Characterisation: Ophelia – Gertrude says that her suicide was a “muddy death” – Hamlet tells her “I loved you not” – “her clothes spread wide… awhile they bore her up” Gertrude tells of her death as if she had not control over it and simply ‘fell’ into the lake. Symbolic of Ophelia’s lack of control in her own life as Polonius takes control over her
Characterisation: Anna – In the police station: “He’s alive” (Can’t concentrate on anything other than the fact that Harry is alive, she is completely blinded. Her devotion to him is completely uncritical it represents a kind of loyalty that clearly lacks any rationality.) – “He’s still part of me, that’s a fact”- Ultimately, the film does not condone Anna’s loyalty. It is too blind and unthinking. – EXAMPLE: Doors are like Saloon doors swinging (interesting link to holly’s writing) She drops the coat, symbolising dropping Holly’s protection. – Anna looks angelic but is morally disorientated
Opening Scenes: Hamlet – The first line of Hamlet begins with a question, Barnardo asks, “who’s there?” which highlights the uncertainty felt by those living in Denmark- Ghost of King Hamlet appears which “abodes some strange eruption” – Francisco reveals at the start that “tis bitter cold, / and I am sick at heart.” –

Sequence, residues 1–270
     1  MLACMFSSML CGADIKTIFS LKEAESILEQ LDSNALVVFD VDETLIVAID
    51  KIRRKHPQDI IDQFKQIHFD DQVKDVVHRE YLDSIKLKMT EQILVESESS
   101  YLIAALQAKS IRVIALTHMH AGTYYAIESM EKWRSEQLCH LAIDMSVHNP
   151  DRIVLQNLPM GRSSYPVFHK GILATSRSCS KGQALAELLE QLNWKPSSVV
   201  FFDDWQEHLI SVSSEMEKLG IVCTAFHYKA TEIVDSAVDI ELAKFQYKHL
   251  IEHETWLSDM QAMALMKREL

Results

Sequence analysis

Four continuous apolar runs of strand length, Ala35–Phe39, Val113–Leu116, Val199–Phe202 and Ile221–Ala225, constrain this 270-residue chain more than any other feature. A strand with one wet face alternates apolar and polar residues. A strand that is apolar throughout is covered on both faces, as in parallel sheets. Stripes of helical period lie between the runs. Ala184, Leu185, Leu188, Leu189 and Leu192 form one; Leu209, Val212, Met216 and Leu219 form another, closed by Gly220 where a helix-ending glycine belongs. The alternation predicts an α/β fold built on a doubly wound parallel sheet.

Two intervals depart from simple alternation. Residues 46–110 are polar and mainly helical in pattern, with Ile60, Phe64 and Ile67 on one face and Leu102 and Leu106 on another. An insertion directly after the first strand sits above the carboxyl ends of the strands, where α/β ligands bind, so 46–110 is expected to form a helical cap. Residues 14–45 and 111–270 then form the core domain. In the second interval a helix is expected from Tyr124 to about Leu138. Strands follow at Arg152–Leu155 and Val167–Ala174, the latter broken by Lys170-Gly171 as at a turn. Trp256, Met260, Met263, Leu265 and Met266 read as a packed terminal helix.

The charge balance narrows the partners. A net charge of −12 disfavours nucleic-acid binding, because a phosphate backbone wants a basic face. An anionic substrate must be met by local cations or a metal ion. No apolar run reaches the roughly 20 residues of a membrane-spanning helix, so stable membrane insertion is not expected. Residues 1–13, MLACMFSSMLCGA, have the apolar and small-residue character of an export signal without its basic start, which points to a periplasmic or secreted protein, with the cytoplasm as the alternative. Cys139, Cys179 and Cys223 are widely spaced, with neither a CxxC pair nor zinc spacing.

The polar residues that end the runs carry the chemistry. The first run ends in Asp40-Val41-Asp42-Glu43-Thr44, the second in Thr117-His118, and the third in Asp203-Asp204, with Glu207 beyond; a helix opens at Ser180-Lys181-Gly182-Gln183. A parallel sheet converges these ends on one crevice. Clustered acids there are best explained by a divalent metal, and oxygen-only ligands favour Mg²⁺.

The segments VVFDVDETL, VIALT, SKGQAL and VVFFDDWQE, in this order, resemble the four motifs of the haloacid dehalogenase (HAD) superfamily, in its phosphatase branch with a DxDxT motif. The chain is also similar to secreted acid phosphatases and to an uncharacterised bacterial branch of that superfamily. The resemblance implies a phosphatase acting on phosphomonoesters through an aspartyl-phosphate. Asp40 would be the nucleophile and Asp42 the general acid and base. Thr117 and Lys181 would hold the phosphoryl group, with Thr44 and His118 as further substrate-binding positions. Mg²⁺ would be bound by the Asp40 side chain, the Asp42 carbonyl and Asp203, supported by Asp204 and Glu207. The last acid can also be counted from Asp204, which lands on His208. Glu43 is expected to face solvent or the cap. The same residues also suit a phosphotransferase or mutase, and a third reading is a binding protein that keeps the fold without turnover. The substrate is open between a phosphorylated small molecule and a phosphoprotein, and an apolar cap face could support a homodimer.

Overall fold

Opening Scenes: TTM – The narrator is mysterious and describes the city as a place of former “glamour [and] easy charm”. – However, it’s now “city of… displaced persons, [and] black marketeers”.- One of the first images is of a dead body floating in the river, indicative of the corruption of Vienna. –
Similar key ideas in Hamlet & TTM [Pt 1.] Order & Chaos: The idea that the King is the closest thing to God on earth. – Chaos at the end of the play similar to the sewer chase. Conflict between appearance and reality: – Harry’s charm, evil can be disarming. Claudius appears calm and rational; everything he says is designed to make people feel comfortable. – The porter tells Holly that Harry could have been anybody. Holly is seemingly abducted, used as humour. – The parrot scene is humorous too: combination of hilarity and menace in that deception. – Streets look fairly benign during the day, but at night the great shadows and lights make it look quite grotesque. The large shadow of the balloon man (motif) – “Best friend I ever had [Harry]” says Holly- Hamlet’s feigned madness. Difficult to tell when he is acting/not. – Rosencrantz and Guildenstern, their apparent loyalty. They are working for someone else. – Harry appears at the top amongst statues of angels but descends into the sewers- Anna looks angelic but is morally disoriented